Wuerffel said he is just about all the way back to his old self, but endured a difficult year and a half with little energy or strength.

"You're trying to live a normal life with 20 percent of your energy, 40 percent of your energy," he said.

Frazier was a four-year starter at Nebraska, running coach Tom Osborne's option attack, and helped the Huskers to national titles in 1994 and `95. His famous tackling-breaking 75-yard touchdown run put an exclamation point on Nebraska's 62-24 victory over Wuerffel and Florida in that '96 Fiesta Bowl.

"I've seen that run a lot of times," Wuerffel said.

That loss helped propel the Gators into next season, Wuerffel said.

"I think most people would say the 1995 team was more talented," he said. "I think (the loss to Nebraska) helped that team mature."

Frazier finished second in the Heisman Trophy voting in 1995 as a senior and finished his career with 5,476 total yards of offense and 79 total touchdowns.

"You never play the game and think you are going to be in the Hall of Fame one day," Frazier said in a statement released by Nebraska. "You just go out and try to be the best you can and whatever happens, happens. I was fortunate good things happened."

Bruschi had 52 sacks as part of Arizona's Desert Swarm defenses during the mid-1990s.

"I don't know who came up with that nickname, but thank you," Bruschi said.

--Dayne is the NCAA's career rushing leader with 6,397 yards rushing, though his bowl game yards would boost his career total past 7,000 yards if he played at a time when the NCAA counted them in regular season stats. The burly tailback won the Heisman for the Badgers in 1999.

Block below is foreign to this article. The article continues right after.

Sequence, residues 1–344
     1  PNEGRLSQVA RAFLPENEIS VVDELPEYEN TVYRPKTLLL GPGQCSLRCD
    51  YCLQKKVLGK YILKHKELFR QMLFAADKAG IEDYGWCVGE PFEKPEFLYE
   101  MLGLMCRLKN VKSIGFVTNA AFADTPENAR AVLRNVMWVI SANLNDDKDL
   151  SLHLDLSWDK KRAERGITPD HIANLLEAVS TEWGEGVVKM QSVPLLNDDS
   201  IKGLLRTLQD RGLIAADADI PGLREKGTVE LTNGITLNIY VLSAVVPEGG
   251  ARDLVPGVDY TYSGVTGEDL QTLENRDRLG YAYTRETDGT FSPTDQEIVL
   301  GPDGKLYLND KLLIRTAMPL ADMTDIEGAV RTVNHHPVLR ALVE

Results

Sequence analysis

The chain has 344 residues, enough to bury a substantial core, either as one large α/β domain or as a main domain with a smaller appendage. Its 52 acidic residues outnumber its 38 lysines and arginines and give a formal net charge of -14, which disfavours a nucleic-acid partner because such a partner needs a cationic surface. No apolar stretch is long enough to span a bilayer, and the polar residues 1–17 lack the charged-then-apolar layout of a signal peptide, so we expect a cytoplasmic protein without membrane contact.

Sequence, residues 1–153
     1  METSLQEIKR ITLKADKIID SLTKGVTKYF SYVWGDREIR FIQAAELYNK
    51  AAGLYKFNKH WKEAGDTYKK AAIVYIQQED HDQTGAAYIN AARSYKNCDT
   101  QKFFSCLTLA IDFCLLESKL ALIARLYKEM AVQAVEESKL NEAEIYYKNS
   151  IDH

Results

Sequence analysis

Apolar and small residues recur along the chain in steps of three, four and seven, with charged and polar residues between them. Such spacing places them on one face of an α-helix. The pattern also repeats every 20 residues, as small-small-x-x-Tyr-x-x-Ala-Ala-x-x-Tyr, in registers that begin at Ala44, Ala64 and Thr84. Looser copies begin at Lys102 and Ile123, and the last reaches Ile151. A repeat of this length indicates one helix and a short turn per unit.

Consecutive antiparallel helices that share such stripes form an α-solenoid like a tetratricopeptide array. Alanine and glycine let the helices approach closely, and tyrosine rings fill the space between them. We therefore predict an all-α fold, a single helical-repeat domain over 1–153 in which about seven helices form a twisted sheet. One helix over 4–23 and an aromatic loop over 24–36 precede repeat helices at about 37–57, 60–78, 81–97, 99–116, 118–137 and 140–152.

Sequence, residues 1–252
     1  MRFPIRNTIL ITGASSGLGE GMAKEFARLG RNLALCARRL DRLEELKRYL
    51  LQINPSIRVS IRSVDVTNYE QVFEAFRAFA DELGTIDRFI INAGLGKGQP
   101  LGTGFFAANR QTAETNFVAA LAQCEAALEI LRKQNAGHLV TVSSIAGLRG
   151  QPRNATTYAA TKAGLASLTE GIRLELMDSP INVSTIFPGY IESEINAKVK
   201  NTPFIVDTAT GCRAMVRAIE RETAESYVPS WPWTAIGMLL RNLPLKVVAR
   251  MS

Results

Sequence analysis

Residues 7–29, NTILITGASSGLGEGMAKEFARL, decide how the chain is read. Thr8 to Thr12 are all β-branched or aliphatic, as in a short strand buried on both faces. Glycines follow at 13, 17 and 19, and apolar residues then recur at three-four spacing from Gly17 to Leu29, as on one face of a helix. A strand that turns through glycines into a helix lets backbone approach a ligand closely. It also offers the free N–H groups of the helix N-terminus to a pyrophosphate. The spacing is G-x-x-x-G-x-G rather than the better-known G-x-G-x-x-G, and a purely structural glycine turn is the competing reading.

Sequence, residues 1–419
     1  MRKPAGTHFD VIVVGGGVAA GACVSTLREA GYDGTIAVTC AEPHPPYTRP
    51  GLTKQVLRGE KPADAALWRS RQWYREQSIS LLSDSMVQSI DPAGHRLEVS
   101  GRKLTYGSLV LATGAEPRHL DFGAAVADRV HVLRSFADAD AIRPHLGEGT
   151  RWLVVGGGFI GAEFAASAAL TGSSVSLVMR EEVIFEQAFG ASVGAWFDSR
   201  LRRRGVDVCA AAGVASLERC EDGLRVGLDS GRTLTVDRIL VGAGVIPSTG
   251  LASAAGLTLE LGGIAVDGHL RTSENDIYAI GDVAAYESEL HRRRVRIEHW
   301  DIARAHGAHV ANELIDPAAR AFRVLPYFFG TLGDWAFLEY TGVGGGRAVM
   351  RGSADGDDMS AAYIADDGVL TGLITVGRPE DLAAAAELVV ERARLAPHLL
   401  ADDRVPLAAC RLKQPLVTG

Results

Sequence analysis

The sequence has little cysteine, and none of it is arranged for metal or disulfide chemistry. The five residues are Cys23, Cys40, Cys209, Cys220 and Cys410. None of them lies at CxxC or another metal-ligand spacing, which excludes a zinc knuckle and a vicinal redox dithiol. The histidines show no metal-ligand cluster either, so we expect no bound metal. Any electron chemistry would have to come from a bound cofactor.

--Brown left North Carolina State as the Atlantic Coast Conference's leader in rushing yards (4,602) and touchdowns (51).

--Gray is one of the top defensive backs to play at Texas. He finished his career with 16 interceptions and 297 tackles.

--Meilinger was a star on offense, defense and special teams for Paul "Bear" Bryant at Kentucky in the early 1950s.

--Pace is considered one of the most dominant offensive linemen in college football history. He finished fourth in the Heisman voting in 1996.

--Shoate led the Sooners in tackles for three straight seasons during his career from 1972-74.

--Snow became the first player to win the Butkus award as the nation's top linebacker and the Lombardi as the top linemen or linebacker as a senior with Michigan State in 1989.

--Trull passed for more than 4,000 yards and 27 touchdowns for the Bears from 1961-63.

--Hardin coached Joe Bellino and Roger Staubach to the Heisman Trophy at Navy in the 1960s, and then went on to become the most successful coach in Temple history.

--McCartney helped turn Colorado from a cellar dweller to a national title contender in the 1990s.

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Follow Ralph D. Russo at www.Twitter.com/ralphDrussoAP